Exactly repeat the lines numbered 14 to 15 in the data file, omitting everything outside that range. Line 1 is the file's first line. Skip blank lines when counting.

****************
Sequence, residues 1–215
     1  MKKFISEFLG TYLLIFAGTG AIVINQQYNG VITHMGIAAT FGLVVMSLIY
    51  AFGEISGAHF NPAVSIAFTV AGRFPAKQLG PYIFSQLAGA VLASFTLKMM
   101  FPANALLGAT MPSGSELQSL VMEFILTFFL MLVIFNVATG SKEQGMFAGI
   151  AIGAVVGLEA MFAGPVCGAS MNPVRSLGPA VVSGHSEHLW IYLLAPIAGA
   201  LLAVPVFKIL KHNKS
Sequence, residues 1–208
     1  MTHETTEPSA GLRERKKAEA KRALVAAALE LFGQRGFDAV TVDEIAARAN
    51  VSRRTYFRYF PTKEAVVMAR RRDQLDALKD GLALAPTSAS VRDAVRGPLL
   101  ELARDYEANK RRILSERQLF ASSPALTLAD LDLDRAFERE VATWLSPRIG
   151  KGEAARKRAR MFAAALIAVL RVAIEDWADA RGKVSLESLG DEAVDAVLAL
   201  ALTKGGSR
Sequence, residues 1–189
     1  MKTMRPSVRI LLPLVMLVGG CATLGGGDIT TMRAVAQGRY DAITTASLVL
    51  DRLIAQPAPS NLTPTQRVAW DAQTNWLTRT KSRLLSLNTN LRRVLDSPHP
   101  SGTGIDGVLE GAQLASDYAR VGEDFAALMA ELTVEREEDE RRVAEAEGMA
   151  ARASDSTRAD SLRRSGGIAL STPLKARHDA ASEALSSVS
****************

     1  MKTMRPSVRI LLPLVMLVGG CATLGGGDIT TMRAVAQGRY DAITTASLVL
    51  DRLIAQPAPS NLTPTQRVAW DAQTNWLTRT KSRLLSLNTN LRRVLDSPHP